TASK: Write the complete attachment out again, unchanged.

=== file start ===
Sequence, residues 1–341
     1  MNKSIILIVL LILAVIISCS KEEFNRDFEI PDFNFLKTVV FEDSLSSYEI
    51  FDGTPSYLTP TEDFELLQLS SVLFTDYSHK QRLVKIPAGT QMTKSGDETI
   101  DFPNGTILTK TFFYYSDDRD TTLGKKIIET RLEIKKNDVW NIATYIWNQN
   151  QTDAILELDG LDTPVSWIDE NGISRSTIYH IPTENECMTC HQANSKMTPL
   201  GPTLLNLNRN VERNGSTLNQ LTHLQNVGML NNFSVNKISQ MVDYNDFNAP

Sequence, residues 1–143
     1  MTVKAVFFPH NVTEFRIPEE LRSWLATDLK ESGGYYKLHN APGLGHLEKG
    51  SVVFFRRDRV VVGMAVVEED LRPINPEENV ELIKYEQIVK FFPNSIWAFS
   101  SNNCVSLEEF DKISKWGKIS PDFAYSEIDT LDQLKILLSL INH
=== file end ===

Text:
Sequence, residues 1–341
     1  MNKSIILIVL LILAVIISCS KEEFNRDFEI PDFNFLKTVV FEDSLSSYEI
    51  FDGTPSYLTP TEDFELLQLS SVLFTDYSHK QRLVKIPAGT QMTKSGDETI
   101  DFPNGTILTK TFFYYSDDRD TTLGKKIIET RLEIKKNDVW NIATYIWNQN
   151  QTDAILELDG LDTPVSWIDE NGISRSTIYH IPTENECMTC HQANSKMTPL
   201  GPTLLNLNRN VERNGSTLNQ LTHLQNVGML NNFSVNKISQ MVDYNDFNAP

Sequence, residues 1–143
     1  MTVKAVFFPH NVTEFRIPEE LRSWLATDLK ESGGYYKLHN APGLGHLEKG
    51  SVVFFRRDRV VVGMAVVEED LRPINPEENV ELIKYEQIVK FFPNSIWAFS
   101  SNNCVSLEEF DKISKWGKIS PDFAYSEIDT LDQLKILLSL INH